The Joint UN Programme on HIV/AIDS, UNAIDS, recently caused a stir. This policy paper came out: “The International Committee of Jurists (ICJ) along with UNAIDS and the Office of the High Commissioner for Human Rights (OHCHR) officially launched a new set of expert jurist legal principles to guide the application of international human rights law to criminal law.”
Sounds great, doesn’t it? Topics include:
- sexual and reproductive health and rights, including termination of pregnancy;
- consensual sexual activities, including in contexts such as sex outside marriage, same-sex sexual relations, adolescent sexual activity and sex work;
- gender identity and gender expression;
- HIV non-disclosure, exposure or transmission;
- drug use and the possession of drugs for personal use; and
- homelessness and poverty.
As with most things, the devil’s in the details.
To address the obvious: this is not legally binding on anyone. It’s just a paper. Still, that doesn’t mean the contents won’t work their way into Federal or Provincial legislation at some point.
As part of the Who We Are section, UNAIDS describes itself as “leading the global effort to end AIDS as a public health threat by 2030 as part of the Sustainable Development Goals.”
Apparently, UNAIDS timed this document to coincide with International Women’s Day. That’s interesting, to say the least.
Anyhow, this UNAIDS document is called the: “8 March Principles for a Human Rights-Based Approach to Criminal Law Proscribing Conduct Associated with Sex, Reproduction, Drug Use, HIV, Homelessness and Poverty”. (See archive).
In fairness, there could be a lot of poor and imprecise wording throughout the document. But assuming that there’s not, it’s quite disturbing what’s been put out.
Parts I and II cover more general areas and ideas in law, and often seem quite reasonable. Having laws applied equally and fairly to all is something most people can easily get behind. But Part III is where things change.
Part III (page 20) of the document is where things really get weird. The following comments are an accurate reflection of what’s actually being written.
(Principle 14, page 21) addresses “sexual and reproductive health and rights”. Apparently no one should be held accountable for a mother drinking or doing drugs while pregnant. Non-disclosure of HIV (or presumably any disease) isn’t to be considered illegal.
Moreover, where a person’s criminal actions might result in criminal consequences, there’s to be no extra punishments based on the existence of the pregnancy. An example of this would be the homicide of a pregnant woman leading to multiple murder charges.
Are the unborn babies expected to have any rights here?
(Page 22) there’s a provision where “parents, guardians, carers, or other persons” who enable or assist children in exercising their sexual and/or reproductive rights may not be held criminally liable. Is this sort of thing to justify pedophilia and grooming?
(Principle 15, page 22) suggests that there should be laws against abortion in any capacity whatsoever. This applies both to the mother, and any third party.
(Principle 16, page 22) covers “consensual” sexual activity. While this is premised on the idea that all participants are in agreement, the wording suggests that it could be applied to adults and children.
The prescribed minimum age of consent to sex must be applied in a non-discriminatory manner? What does that even mean? Is it discrimination if an adult is not allowed to be with a child?
The paper also states that minors should be participating in decisions that impact them, taking their age and maturity into account. Is this an attempt to turn a prohibited practice into more of a “grey area”?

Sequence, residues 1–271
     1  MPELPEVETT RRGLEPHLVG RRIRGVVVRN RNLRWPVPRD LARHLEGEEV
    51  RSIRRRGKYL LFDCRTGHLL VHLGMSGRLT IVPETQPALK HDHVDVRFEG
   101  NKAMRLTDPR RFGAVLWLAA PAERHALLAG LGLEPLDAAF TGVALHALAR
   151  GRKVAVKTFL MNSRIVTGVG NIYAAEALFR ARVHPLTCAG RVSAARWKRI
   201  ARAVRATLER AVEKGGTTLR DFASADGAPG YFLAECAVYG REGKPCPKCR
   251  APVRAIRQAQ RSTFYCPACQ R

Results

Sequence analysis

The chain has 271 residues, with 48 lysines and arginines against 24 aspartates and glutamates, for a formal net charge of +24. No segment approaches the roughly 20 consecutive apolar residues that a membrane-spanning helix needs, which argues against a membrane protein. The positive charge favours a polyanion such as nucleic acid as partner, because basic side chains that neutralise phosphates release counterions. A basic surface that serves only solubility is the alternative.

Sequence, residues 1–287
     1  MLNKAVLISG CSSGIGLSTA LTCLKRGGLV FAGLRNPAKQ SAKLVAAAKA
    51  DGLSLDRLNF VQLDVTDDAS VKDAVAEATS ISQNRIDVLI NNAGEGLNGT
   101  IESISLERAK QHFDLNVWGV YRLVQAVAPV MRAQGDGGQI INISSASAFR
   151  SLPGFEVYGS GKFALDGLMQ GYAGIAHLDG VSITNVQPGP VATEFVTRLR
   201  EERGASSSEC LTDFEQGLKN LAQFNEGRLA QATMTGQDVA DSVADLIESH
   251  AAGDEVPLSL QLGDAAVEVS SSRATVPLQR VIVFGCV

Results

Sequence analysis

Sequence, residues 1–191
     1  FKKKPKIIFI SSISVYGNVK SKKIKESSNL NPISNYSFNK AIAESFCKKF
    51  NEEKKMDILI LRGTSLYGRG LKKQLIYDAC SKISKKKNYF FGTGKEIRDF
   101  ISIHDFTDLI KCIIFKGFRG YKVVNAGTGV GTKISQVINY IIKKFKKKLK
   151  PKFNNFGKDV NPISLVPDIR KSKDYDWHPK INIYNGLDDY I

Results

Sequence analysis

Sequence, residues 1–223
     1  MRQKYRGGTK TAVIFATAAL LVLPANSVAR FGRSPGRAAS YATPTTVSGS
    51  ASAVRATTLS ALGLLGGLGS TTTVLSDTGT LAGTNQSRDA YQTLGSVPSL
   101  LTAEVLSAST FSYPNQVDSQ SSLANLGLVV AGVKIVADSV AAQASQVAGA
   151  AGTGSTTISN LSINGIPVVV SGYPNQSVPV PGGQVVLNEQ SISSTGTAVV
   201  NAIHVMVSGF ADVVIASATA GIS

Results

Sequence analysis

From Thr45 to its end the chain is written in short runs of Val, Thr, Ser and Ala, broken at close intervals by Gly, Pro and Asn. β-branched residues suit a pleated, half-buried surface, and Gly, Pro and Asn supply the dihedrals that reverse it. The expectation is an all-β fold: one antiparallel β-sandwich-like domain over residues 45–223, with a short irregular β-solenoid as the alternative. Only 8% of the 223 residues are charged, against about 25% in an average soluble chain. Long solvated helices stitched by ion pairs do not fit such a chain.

As for “age of consent to marriage”, is that a reference to child brides?
There’s the issue of not criminalizing activity involving members of the alphabet soup. Just a thought, but since it’s okay to not disclose HIV status, would it also be okay to deceive a partner about their true identity?
(Principle 17, page 23) calls for the complete decriminalization of sex work — such as prostitution, or pornography — as long as it’s done without coercion or fraud. To their credit, it’s specified to be limited to adults.
(Principle 18, page 23) says that sexual orientation or gender identity should not be criminalized, but doesn’t define either term in a meaningful way.
Beyond that, there’s to be no penalty for “exploration, free development and/or affirmation of sexual orientation or gender identity”, unless coercion is involved. This leaves open the possibility of people just larping as the opposite sex, and who don’t have gender dysphoria.
It also doesn’t address the growing issue of using gender identity as a means to attack single-sex spaces, such as prisons, changerooms and most sports.
The document further criticizes any efforts or attempts to engage in conversion therapy.
(Principle 19, page 24) implies that it’s fine to not disclose HIV positive status to a partner, as long as there’s no deliberate attempt to spread it. Presumably, this wouldn’t just apply to HIV.
(Principle 20, page 24) effectively calls for the decriminalization of all drugs for personal use, including by minors and pregnant women. Part (b) could be interpreted to mean the possession or distribution or drug paraphernalia shouldn’t be criminalized either.
The document also promotes what could be considered safe injection sites.
(Principle 21, page 24) would end vagrancy and squatting laws, if done for life-sustaining reasons. While this is all understandable, it’s unclear what will happen with property owners. All said, this section is probably the most reasonable one, as it’s not an issue of immorality.
Now, just because the United Nations releases a document, that doesn’t mean it will become law. However, content from “non-binding” papers often do trickle into domestic politics.
(4) UNAIDS March Principles On Criminal Law Sexual Behaviours